Beginnings and Endings In the on-air puzzle, given a word, the response is a word that completes a common two-word phrase. The first two letters of a given word will be the last two letters of the player's word, reversed.
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Beginnings and Endings

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Beginnings and Endings

Beginnings and Endings

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From NPR News, this is WEEKEND EDITION. I'm Liane Hansen.

And joining us is puzzle master Will Shortz.

Hi, Will.

WILL SHORTZ: Hey, Liane.

HANSEN: I understand you had a great weekend at one of my favorite places in New York. In fact, it's a place where I spent a one-day honeymoon - Mohonk Mountain House.

SHORTZ: In New Paltz, New York, in upstate.

HANSEN: And tell us what you're doing there.

SHORTZ: Well, I have an annual event devoted to words, which I directed this year. And the special guests were Ira Glass of "This American Life" who talked about how to tell a story especially on the radio. Bob Mancoff, the cartoon editor of the New Yorker, talked about how to caption a cartoon. And we had a puzzle treasure hunt all around the Mountain House. It's just a great week, a great weekend.

HANSEN: That's one of the parts I used to love about that was the treasure hunt, because there's so many nooks and crannies in the structure with a different architecture. It's a lovely place on top of a mountain - sounds good.

Remind of the challenge you left us with last week.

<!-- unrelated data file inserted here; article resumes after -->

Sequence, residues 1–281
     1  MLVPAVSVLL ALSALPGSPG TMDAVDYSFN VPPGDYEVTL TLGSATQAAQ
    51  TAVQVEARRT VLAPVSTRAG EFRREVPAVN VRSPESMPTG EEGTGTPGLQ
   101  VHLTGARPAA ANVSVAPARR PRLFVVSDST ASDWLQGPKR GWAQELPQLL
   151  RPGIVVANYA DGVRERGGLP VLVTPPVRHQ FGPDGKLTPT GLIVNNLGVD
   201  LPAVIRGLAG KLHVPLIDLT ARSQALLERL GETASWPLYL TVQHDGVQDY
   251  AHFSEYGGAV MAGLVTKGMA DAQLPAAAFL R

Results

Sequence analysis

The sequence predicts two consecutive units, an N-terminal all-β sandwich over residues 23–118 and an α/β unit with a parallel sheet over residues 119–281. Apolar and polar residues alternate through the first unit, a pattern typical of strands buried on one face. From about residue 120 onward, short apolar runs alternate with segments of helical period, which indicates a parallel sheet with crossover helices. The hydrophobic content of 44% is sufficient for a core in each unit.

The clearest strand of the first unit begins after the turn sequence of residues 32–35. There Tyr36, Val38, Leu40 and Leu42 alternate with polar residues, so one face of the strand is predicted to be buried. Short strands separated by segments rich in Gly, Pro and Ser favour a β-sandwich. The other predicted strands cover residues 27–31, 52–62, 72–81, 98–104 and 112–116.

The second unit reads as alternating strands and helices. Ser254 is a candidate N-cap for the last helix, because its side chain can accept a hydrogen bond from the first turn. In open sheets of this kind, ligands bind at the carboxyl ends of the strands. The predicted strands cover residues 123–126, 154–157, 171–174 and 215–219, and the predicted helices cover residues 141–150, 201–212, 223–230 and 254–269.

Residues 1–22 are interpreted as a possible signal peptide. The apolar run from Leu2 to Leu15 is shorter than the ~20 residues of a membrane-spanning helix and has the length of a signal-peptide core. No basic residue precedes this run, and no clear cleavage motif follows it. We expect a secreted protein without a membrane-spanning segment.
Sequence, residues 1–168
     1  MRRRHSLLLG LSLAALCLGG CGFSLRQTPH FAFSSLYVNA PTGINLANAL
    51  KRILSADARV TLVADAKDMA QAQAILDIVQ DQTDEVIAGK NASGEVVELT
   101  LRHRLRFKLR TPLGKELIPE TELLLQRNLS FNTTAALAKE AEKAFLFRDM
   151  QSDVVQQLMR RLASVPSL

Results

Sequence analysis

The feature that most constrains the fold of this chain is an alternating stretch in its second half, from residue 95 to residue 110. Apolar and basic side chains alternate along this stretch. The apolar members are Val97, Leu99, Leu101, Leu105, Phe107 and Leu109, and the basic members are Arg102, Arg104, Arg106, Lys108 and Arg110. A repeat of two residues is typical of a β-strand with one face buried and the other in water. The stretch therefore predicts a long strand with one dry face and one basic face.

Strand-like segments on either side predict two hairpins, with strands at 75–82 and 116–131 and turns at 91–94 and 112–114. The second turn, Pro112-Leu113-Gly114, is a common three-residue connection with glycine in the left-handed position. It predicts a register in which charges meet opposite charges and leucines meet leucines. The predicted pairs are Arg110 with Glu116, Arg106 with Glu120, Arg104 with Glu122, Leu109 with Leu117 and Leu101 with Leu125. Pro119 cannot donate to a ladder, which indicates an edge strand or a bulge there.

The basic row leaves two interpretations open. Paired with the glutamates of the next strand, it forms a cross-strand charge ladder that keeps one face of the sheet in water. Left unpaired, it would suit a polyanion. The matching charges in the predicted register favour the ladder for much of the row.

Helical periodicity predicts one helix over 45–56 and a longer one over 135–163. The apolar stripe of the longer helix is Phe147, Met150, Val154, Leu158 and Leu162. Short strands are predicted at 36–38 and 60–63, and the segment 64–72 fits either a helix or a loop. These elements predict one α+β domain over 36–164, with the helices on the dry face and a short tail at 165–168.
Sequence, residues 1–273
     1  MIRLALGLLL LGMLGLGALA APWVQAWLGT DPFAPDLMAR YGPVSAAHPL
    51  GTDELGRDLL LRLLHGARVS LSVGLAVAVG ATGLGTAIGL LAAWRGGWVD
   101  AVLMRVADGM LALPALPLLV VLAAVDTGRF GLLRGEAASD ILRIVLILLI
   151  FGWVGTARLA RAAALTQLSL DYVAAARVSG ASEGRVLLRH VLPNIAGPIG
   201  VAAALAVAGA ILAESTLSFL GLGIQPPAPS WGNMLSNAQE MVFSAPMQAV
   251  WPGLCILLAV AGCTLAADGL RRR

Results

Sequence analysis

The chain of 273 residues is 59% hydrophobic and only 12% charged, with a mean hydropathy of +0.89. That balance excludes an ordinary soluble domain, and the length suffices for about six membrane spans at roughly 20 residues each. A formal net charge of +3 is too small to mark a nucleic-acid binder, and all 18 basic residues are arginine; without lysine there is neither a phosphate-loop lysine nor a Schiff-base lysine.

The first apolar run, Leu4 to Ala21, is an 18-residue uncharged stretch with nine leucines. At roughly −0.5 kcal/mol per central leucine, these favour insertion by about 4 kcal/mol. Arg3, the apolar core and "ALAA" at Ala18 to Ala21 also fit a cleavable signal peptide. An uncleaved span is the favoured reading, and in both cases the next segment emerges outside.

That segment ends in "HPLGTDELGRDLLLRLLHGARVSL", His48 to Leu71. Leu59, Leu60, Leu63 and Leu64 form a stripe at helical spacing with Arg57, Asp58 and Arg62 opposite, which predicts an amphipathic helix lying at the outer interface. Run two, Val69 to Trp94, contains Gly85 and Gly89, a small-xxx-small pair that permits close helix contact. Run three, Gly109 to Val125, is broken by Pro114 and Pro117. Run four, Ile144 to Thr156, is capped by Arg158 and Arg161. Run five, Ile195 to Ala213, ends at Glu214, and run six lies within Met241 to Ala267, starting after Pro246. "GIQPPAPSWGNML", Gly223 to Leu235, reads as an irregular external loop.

SHORTZ: Yes. I said the opera title "Il Trovatore" by Verdi. Drop one letter. Rearrange the remaining 10 letters to spell two synonyms. What are they?

HANSEN: What are they?

SHORTZ: Well, you drop the A and you get riot and revolt.

HANSEN: We had over 800 entries from people who solved this puzzle. And our randomly selected winner is Jeanette Joy from Jamestown, New York. Some great alliteration there, Jeanette.

Hi, welcome to the program.

Ms. JEANETTE JOY (Puzzle Challenge Winner): Thank you.

HANSEN: Oh, how long have you been playing the puzzle?

Ms. JOY: Well I've been playing about a year. Other parts of my families have been playing this for years. My daughter gets it on the computer because Jamestown does not carry DBFO.

HANSEN: Oh, I see. So you understand how it plays now that you're the lucky listener?

Ms. JOY: Yes.

HANSEN: All right. We'll work together, we'll be a team. So, Jeanette, meet Will, Will meet Jeanette. Let's play our game.

SHORTZ: All right, Jeanette. I'm going to give you some words for each one you give me a word that can follow mine to complete a common two-word phrase and the first two letters of my word are the last letters of your word reversed. For example, if I said tucker, T-U-C-K-E-R, you'd say out because tucker out is a phrase, my word started T-U, you're word ends U-T.

HANSEN: Woo, a lot of instructions there. Okay.

Ms. JOY: Wow.

SHORTZ: And these initial answers are all three letter long. You ready?

Ms. JOY: Yes.

(Soundbite of laughter)

SHORTZ: She said tentatively.

He's number one, Bar, B-A-R. And it's a three-letter word ending in A-B.

Ms. JOY: Bar tab?

SHORTZ: Bar tab is right.

Ms. JOY: Okay.

SHORTZ: Pace, P-A-C-E. Something you had seen at the Indianapolis 500.

Ms. JOY: Lap, pace lap.

SHORTZ: Pace lap, right. All the cars do a pace lap. Try this one: Teacher's, apostrophe S.

Ms. JOY: Teacher's pet.

SHORTZ: Teacher's pet is right.

Ms. JOY: Yeah.

SHORTZ: Tight, T-I-G-H-T.

Ms. JOY: Tight, tight fit.

SHORTZ: Tight fit. Excellent. Dowsing, D-O-W-S-I-N-G.

Ms. JOY: Dowsing rod?

SHORTZ: Dowsing rod. Excellent. Garbage.

Ms. JOY: Garbage bag.

SHORTZ: That's right. Aegean, A-E-G-E-A-N.

Ms. JOY: Aegean Sea.

SHORTZ: Aegean Sea is right. Now you're next answers all four letters long. And your first one of these is lemon, L-E-M-O-N.